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Killmayers Bavarian / Battle of the Buds


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Killmayers Bavarian / Battle of the Buds

Bob Martinez | Jul 25, 2001 02:06 PM

Based on a few recommendations on the site and a few more on the web I visited Killmeyers Bavarian House on Staten Island last Saturday night. The results were disappointing.

The building itself is in a semi-desolate section of Staten Island, hard by the Outerbridge Crossing. It has the look of a classic roadhouse and appears to have been recently renovated. My friend and I were cheered by the fullish parking lot that indicated happy customers. But crowds are an unreliable measure of quality.

A bit of background. I've been to Germany about 10 times so I'm reasonably familiar with the cuisine. My friend and I are also regular diners at Zum Stamtisch in Queens, IMO the best German restaurant in New York City and my benchmark in judging German restaurants.

When we were seated we were served two large soft pretzels in a basket in lieu of bread. A nice idea but bad execution. The pretzels had been heated in a microwave instead of a conventional oven. They were slightly warm, soggy, and chewy.

We started with the goulash soup and the mixed cold wurst & cheese platter. The soup was average at best and the meat was remarkably dry and chewy, a difficult trick considering that it was immersed in the soup broth. (FWIW, the Zum Stamtisch goulash soup is actually better than the versions I've tasted in Germany!)

The wurst & cheese platter was somewhat better however the generous selection of cheeses was more than offset by the meager portion of wurst. There was no attempt to serve German cheese. The wursts were accompanied by cheddar and Swiss as well as Muenster, although my friend suspected that all the cheeses were supplied by Boars Head. Not bad but nothing special.

For main courses we ordered Jaegerschnitzel and Beef Rouladen (a dish described on the menu as rolled beef with bacon and onions and gherkin). The Jaegerschnitzel arrived with a stingy portion of mushroom gravy and once again the meat was dry and chewy. Ditto the Beef Rouladen, and our teeth received quite a workout. The bacon and onion were MIA although the gherkin formed the core at the center of the rolled beef. Two more dishes, two more misses.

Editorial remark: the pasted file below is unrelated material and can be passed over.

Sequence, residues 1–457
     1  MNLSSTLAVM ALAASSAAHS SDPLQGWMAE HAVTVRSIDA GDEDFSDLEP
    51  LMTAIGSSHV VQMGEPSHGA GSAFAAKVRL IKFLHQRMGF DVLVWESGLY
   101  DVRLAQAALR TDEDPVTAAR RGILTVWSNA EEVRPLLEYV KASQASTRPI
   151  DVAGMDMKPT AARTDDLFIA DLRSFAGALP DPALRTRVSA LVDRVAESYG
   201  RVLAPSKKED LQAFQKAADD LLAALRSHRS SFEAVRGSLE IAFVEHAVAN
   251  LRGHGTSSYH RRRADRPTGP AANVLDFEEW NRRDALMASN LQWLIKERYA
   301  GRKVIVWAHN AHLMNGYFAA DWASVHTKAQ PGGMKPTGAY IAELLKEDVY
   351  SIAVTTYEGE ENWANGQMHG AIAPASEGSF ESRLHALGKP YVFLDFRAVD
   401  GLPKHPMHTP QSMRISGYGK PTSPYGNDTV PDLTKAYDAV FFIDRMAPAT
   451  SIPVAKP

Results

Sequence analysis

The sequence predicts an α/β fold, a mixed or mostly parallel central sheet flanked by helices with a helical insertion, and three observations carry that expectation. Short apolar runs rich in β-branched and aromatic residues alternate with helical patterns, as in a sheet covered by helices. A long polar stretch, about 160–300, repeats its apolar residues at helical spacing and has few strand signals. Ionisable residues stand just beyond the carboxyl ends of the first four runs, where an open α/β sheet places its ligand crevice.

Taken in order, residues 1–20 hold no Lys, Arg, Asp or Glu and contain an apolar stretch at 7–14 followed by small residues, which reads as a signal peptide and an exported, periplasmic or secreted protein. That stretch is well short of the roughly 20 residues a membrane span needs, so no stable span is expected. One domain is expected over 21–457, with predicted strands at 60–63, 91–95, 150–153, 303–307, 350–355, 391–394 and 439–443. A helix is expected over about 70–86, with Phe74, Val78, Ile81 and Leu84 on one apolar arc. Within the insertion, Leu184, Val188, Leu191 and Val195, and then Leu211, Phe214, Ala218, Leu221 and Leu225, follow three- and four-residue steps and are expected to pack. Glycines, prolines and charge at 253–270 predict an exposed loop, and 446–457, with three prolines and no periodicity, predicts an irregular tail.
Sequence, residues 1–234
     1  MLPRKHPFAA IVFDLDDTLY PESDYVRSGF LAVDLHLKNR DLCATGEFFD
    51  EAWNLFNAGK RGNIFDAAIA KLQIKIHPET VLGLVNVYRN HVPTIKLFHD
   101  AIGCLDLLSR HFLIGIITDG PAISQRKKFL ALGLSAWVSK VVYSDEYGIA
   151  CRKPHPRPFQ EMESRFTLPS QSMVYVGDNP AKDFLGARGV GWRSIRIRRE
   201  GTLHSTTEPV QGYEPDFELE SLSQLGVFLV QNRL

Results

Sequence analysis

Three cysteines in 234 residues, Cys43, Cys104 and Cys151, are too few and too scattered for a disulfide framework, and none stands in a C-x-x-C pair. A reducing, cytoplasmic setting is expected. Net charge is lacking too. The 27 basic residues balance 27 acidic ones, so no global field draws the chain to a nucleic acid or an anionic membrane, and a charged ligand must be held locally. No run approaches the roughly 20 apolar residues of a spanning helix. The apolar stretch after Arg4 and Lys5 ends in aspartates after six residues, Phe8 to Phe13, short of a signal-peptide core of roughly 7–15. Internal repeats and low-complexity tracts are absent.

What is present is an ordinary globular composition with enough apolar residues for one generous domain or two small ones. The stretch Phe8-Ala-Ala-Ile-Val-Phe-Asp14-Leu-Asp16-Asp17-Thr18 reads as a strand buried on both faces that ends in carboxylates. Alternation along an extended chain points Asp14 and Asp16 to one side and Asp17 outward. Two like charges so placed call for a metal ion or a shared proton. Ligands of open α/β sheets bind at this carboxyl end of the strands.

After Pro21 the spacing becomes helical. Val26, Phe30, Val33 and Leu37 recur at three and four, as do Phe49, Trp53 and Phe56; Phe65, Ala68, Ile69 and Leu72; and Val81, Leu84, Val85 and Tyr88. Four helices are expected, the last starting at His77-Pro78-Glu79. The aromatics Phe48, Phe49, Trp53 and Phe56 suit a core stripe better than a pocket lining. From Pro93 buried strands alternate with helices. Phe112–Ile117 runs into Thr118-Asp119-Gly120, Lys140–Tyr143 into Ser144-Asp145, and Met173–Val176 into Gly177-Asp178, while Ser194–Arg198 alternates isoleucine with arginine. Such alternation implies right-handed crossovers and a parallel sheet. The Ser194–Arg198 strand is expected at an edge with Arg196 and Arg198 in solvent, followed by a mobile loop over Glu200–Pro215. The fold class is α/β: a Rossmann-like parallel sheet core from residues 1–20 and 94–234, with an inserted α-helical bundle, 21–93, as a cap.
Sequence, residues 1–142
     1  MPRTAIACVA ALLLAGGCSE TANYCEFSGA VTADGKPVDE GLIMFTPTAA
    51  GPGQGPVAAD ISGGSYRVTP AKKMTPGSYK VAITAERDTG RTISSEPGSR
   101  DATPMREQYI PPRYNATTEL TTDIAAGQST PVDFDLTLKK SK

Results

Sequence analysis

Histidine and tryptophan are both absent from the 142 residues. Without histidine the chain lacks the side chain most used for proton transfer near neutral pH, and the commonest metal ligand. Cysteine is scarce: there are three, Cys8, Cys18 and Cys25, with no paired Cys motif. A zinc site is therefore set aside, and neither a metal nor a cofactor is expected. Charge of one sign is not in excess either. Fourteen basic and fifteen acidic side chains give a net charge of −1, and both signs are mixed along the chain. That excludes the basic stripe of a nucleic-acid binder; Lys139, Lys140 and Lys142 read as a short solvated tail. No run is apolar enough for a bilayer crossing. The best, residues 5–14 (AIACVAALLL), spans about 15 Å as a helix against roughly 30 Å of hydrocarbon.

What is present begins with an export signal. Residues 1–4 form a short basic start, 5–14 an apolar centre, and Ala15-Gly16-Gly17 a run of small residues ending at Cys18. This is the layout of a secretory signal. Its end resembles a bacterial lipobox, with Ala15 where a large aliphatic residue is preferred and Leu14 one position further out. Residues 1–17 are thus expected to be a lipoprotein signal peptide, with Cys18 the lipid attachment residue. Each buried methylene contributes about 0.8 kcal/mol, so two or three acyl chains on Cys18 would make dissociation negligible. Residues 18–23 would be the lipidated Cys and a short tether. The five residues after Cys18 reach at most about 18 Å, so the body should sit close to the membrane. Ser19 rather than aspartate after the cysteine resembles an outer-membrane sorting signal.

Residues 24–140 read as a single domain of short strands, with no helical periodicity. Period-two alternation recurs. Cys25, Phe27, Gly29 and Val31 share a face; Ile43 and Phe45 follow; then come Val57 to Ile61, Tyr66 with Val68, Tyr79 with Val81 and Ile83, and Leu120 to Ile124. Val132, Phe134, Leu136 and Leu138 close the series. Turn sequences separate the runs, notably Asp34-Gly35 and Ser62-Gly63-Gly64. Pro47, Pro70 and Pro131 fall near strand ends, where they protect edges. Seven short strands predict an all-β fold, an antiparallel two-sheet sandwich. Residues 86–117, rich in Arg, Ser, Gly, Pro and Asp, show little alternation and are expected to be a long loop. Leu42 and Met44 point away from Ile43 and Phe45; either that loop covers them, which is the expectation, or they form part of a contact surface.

*The Good Things*
There were some truly outstanding things about Killmayers. The restaurant features a magnificant 100 year old bar rescued from another restaurant. My friend and I passed a pleasant hour there sampling the extensive selection of German and Czech beers. Both the draft and bottled beers were fresh and well kept.

Later, as we were finishing our disappointing meal, we heard the sound of music playing in the beer garden and moved outside to check it out. For the next hour and a half we were treated to a first rate blues band playing under the stars. The beer garden is sizeable, holding about 12 picnic tables and a few trees. Unfortunately it only opens at 9:00PM and offers only a subset of the main menu - grilled wursts. Then again, given the disappointing main courses this may be a blessing.

The combination of good beer and music turned an average evening into a happy one.

*Battle of the Buds*
The first thing you have to know is that there are two Budweisers. One is the well known St. Louis product that has been around for about 125 years. The other is known as Budweiser Budvar and it's been brewed in the Czech Republic for 800 years, long before there *was* a Czech republic or those stupid frogs.

In my opinion, Budweiser Budvar is the best beer I've ever had. It's rich and creamy without being cloying or bitter, and has a sneaky potency that will leave you weak in the knees after only 2 or 3 glasses. It also takes about 5 minutes to draw a draft since the bartender has to make multiple passes in order to let the head drop down before he completes his pour. The wait is worth it.

While it's a Czech beer, it is widely available in Germany (where I discovered it), being one of the few imported brews that meets Germanys' strict beer purity laws. Michael Jackson, the British beer writer, considers it one of the worlds' best brews. He's right. But back to history.